Information and Communications Technologies (ICT)

  • Uses different available technologies in order to construct own texts
  • Uses mixed media and multimedia resources to locate information, do research and communicate with others

Text, Audience, Producer

Textual Features, Codes and Conventions

  • Interprets media texts:
    • Draws on knowledge of production process and codes and conventions of texts produced
    • Explores the codes that construct media texts, e.g. headlines, captions and photographs in newspapers
    • Constructs message(s) and meaning(s) using familiar codes from media texts
    • Identifies functions of media discourse: to entertain, to persuade, to promote, to inform
    • Makes connection(s) between images, signs, symbols, pictures and printed text and meaning

Audience and Producer

  • Explores self as individual member of audience (use, personal biases, prior experiences) and as part of a larger target audience
  • Examines how media target specific audiences:
    • Identifies ways that different familiar audiences use the media
    • Identifies and generalizes aspects of familiar audiences
    • Identifies subjects of interest for specific audiences
    • Explores how the structures and features of texts shape meaning for an audience
    • Explains how own productions are adapted to interests of familiar audience chosen
  • Discusses characteristics of producer:
    • Explores where, when, why, by and for whom texts are produced
    • Identifies aspects of media industry related to marketing and promotion
    • Explores production choices made in own texts

Competency Three: Reads and listens to written, spoken and media texts

Reader’s Stance: Constructing a Reading of a Text

  • Focuses on the world of the text to construct an aesthetic reading of text
  • Focuses on making sense of information in a text to construct an efferent reading, e.g. reads print and visual information with the intention of remembering details/examples and/or of following instructions, rereads to verify meaning(s) s/he is making, relates to personal experience and prior knowledge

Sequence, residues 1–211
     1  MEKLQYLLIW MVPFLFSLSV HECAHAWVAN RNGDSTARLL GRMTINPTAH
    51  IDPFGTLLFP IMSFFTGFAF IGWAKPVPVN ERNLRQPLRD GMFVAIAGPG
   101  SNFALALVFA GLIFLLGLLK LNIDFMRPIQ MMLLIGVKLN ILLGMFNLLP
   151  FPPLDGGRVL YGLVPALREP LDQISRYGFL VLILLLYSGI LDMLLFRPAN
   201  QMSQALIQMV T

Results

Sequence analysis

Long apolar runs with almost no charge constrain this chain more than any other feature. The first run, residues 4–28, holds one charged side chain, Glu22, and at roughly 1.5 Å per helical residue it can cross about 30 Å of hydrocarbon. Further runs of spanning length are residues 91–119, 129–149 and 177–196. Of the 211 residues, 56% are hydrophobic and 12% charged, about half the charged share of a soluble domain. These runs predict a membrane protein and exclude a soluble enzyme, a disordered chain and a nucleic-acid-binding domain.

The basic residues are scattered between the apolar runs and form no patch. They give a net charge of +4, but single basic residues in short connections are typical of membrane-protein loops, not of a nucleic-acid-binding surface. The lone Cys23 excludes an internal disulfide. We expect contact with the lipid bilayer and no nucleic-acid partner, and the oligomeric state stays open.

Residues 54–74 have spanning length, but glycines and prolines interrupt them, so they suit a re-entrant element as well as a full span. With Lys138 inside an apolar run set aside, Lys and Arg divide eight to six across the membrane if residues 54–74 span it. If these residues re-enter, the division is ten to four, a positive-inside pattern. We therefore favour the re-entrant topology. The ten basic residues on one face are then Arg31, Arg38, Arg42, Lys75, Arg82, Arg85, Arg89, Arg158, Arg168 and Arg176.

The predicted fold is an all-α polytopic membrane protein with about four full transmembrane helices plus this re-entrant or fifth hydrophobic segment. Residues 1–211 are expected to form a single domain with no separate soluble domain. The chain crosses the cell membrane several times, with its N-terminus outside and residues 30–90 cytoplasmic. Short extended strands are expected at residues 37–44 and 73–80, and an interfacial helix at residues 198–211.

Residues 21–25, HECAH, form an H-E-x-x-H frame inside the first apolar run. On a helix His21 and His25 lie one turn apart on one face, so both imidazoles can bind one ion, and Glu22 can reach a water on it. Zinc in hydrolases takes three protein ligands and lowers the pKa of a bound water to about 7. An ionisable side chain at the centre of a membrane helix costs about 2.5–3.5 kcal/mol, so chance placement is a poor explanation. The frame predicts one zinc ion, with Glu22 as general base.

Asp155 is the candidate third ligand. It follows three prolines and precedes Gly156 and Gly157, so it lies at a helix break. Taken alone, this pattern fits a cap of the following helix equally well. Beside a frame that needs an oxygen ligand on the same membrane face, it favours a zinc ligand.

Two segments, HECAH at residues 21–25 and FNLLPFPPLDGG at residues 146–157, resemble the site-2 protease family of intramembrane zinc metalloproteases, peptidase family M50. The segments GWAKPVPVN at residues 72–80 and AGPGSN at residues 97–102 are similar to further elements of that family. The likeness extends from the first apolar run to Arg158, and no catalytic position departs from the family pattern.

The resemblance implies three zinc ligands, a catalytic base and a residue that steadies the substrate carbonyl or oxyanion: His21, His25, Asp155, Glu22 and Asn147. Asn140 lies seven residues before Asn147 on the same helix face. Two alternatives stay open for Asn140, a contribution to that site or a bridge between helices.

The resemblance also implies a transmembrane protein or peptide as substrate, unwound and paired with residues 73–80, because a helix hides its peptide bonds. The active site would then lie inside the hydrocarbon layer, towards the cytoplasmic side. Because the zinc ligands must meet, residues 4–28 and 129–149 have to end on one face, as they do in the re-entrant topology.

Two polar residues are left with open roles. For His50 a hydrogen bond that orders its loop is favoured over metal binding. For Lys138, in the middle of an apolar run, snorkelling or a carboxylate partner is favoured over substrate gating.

Reading Strategies: Text Grammars (Structures, Features, Codes and Conventions)

  • Constructs meaning(s)/message(s) by reinvesting her/his knowledge of the text as social construct, i.e. language-in-use:
    • Draws on cues in familiar structures, features, codes and conventions to make sense of texts
    • Identifies connotation and denotation of words, images and their referents
  • Applies contextual understanding when meaning breaks down:
    • Socio-cultural: draws on understanding of values and beliefs to make sense of incidents, events or message(s)

Other subject-specific programs

Physical Education and Health

The Cycle One program states:

The messages conveyed by the media can have major repercussions on the behaviour of adolescents. Therefore, it is important that students be encouraged to maintain a critical distance with regard to the media. For example, during a big sports event, certain networks show violent images involving the athletes. Reports on doping, which some athletes resort to, raise ethical questions about respecting rules and about honesty and fair play. Advertising uses an infinite amount of female body images to demonstrate the effects of products that enable you to obtain the perfect body with no physical effort. This sometimes contradictory information cannot help but challenge students, who must exercise critical judgment when they situate this information in relation to the various contexts in which they develop the subject-specific competencies.

The broad area of learning Media Literacy is thus part of this program.